Michael C. Hall Talks About Dexter's Development Over the Years, Season 8 and More

Via: huffingtonpost.co.uk: Michael C Hall reveals how it feels to play America’s favourite serial killer and what the future holds after the final season airs next year….

Dexter has very dark relationships with people – do you have any strategies for coping with the storylines and keeping them from seeping into your private life?
Truly the act of taking off Dexter’s clothes, putting on my clothes, getting in my car, driving home, exercising if it’s not too late. It all helps. The trickiest thing with Dexter is his sense that he’s always simulating his behaviour and I think as actors that’s what we do anyway. So if it bothers me at all it’s probably on that front just am I really any different from him? [Laughs] I mean I don’t kill people, obviously, but more is the person I’m being now, this sitting in front of a microphone self, is that me? I don’t even know. Read more, by skipping the jump below...

Did you have concerns about playing a serial killer and how that might translate in a wider context?
I really didn’t have any qualms. Initially I was excited that the show operates in this morally grey area. I don’t see it as something that’s advocating a serial killer lifestyle. I don’t think anybody looks at Dexter and says, ‘Yes that’s the kind of stress I want in my life’. At the same time as we move towards the end of the show I think there’s a consideration of what we’re ultimately saying and I think we’re saying something more than isn’t it cool to kill bad guys…

How do you feel the character has changed over the seasons?
I think we’re seeing Dexter in a landscape now where he is perhaps being punished by an awareness that his behaviour has affected more than just him. Obviously his victims, but also the people who are close to him. Dexter has always had this appetite to move towards a more authentic experience of humanity. It’s been one of the shiner, happier aspects of the show. As the seasons progress aspects of that change and we see some traits that are definitely human but also less attractive…

There’s a growing trend towards anti-heroes on television what are your views on that?
I think people respond to a character where the dark corners are revealed and unveiled. It’s complicated, a sense that people are identifying with or sympathising with, even rooting for a character with pretty significant skeletons in their closet. But you know I think we all have those, maybe not like Dexter’s or Tony Soprano’s, but we understand the concept and that’s part of the appeal.

Do you find people treat you differently since you started playing a cold-hearted serial killer?
Sometimes people talk to me and I’ll just look at them and they say ‘you’re doing it, you’re doing it, you’re Dexter right now – you’re giving me the Dexter look’ And I’m like ‘No’ [He gives his best Dexter stare] But it’s very gratifying… for the most part when people say anything it’s just to say that they love the show and want to know when it’s coming back on.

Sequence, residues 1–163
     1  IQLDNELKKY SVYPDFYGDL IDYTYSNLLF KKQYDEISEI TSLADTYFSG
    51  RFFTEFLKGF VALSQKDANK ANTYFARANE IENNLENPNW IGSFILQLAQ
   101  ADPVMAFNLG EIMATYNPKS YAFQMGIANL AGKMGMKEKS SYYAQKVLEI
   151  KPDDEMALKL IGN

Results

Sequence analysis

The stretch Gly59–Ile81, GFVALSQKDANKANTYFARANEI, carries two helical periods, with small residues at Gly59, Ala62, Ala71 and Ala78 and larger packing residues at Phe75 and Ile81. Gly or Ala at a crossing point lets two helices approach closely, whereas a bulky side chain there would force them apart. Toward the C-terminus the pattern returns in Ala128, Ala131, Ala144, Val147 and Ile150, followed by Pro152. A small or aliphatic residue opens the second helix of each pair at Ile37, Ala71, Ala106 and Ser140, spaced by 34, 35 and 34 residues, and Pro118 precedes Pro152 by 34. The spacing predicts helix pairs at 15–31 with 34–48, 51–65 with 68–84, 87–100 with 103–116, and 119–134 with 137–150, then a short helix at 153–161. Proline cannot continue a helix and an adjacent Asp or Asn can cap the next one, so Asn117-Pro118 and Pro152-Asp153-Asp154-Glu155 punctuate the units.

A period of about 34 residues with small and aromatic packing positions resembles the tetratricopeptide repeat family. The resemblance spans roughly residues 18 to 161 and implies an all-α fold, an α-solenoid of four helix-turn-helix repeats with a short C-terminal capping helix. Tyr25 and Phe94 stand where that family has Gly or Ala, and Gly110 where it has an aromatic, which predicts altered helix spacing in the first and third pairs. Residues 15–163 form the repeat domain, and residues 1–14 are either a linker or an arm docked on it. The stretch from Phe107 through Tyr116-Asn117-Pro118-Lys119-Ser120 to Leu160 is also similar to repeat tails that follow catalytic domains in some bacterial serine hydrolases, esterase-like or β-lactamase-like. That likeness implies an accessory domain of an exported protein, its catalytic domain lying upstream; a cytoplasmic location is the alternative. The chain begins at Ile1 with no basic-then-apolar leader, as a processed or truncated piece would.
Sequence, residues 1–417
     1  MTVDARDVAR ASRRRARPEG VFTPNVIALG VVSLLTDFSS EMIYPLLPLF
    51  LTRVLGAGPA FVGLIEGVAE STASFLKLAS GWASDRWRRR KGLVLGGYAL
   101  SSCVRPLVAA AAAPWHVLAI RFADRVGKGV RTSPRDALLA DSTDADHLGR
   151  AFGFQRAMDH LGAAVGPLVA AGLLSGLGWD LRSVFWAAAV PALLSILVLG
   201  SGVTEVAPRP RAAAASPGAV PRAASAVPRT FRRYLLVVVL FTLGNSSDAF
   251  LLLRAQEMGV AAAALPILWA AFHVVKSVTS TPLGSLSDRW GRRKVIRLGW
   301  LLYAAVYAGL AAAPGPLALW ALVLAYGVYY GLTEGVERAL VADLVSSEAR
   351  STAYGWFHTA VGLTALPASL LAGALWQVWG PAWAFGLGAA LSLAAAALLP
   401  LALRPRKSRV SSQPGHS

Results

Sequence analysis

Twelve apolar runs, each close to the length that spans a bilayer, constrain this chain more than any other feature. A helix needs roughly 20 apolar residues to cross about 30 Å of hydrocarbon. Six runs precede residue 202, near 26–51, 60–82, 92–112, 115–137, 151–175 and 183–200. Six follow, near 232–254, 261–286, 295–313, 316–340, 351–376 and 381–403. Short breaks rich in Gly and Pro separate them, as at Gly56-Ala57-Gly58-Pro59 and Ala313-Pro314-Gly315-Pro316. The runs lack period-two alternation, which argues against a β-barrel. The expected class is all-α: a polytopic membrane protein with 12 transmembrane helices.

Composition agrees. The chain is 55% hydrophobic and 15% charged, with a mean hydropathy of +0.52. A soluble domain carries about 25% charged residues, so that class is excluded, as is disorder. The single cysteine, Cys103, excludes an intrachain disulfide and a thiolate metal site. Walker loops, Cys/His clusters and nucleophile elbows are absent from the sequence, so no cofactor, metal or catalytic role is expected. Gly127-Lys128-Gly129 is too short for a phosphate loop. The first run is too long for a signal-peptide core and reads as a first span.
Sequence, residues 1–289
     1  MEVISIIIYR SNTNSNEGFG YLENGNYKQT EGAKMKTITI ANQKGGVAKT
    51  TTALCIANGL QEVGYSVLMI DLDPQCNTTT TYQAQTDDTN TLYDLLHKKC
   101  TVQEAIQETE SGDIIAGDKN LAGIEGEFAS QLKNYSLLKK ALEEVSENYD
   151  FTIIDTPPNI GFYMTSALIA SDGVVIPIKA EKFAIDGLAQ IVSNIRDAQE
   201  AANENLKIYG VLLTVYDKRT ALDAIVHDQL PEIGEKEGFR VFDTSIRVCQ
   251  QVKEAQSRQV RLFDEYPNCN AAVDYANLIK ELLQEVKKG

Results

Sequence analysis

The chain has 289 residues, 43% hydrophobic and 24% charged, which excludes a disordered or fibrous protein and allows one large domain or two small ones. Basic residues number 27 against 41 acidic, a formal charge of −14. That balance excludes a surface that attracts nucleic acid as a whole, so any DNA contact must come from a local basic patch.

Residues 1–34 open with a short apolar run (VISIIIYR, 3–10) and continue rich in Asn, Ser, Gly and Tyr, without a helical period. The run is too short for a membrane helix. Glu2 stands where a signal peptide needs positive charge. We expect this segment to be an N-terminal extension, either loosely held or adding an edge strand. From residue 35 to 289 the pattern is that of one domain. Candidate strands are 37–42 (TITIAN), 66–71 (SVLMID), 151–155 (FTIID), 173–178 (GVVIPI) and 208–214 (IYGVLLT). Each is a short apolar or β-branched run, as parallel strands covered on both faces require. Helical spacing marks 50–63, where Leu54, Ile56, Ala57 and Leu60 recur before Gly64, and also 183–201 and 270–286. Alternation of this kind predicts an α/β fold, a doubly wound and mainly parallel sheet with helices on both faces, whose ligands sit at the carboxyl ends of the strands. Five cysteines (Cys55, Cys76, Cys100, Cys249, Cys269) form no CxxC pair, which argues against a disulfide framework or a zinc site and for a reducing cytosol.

What will you miss least about Dexter when it ends?
Putting on the kill suit…it’s a real process. And driving to Long Beach at 5.30 in the morning is hard sometimes. But there’s a lot more that I’ll miss than not miss. For a television show to work it requires so many people to do their jobs well and I’ll miss going to work at a place where everybody truly has a sense of ownership and investment, a collective sense of focus and shared purpose. Hopefully I’ll find it somewhere else but this is a unique creative family.

Has your battle with cancer changed you as a person?
Yes and no. I was very fortunate to have discovered my Hodgkin’s lymphoma at a very early stage and at a time when I was on hiatus from work. I had the luxury to really commit to my treatment and good health insurance and that made things a lot easier. It’s probably changed my appreciation of all those realities and my sensitivity to the plight of people who don’t have those luxuries. There’s a lot of cancer in my family, people who’ve gone through it, survived it, died from it. Going through that experience maybe helped me feel closer to some of them but the experience continues to unfold…I still think about it three years since remission.

You were married to Jennifer Carpenter (who plays Dexter’s sister Deb) and have since divorced. How did you manage to make your on-screen relationship work in the aftermath of the split?
We’ve been through quite a journey personally but thankfully there’s a fundamental friendship and respect…I think it’s a testament to our individual and collective commitment to the show, the characters and work generally. Plus we’re both just so enthused by the storylines for season seven [the season currently airing in the US] to play those scenes has really been something we’ve relished.

The end of the show is in sight now (the eighth and final season will air in 2013) what happens next?
I look forward to finding out. I couldn’t have imagined 'Dexter' when 'Six Feet Under' was coming to an end so I’d like to hope there are things on the horizon I can’t imagine at this moment. I did a movie last hiatus called 'Kill Your Darlings' [laughs] I know right, and the first image of the movie is my character dead. So I was like, yes, I’m really turning the tables on myself, I am the dead body. But as to the future I don’t really know what I’m going to do…. maybe take up strawberry farming, something like that.

Post a Comment

Previous Post Next Post

Contact Form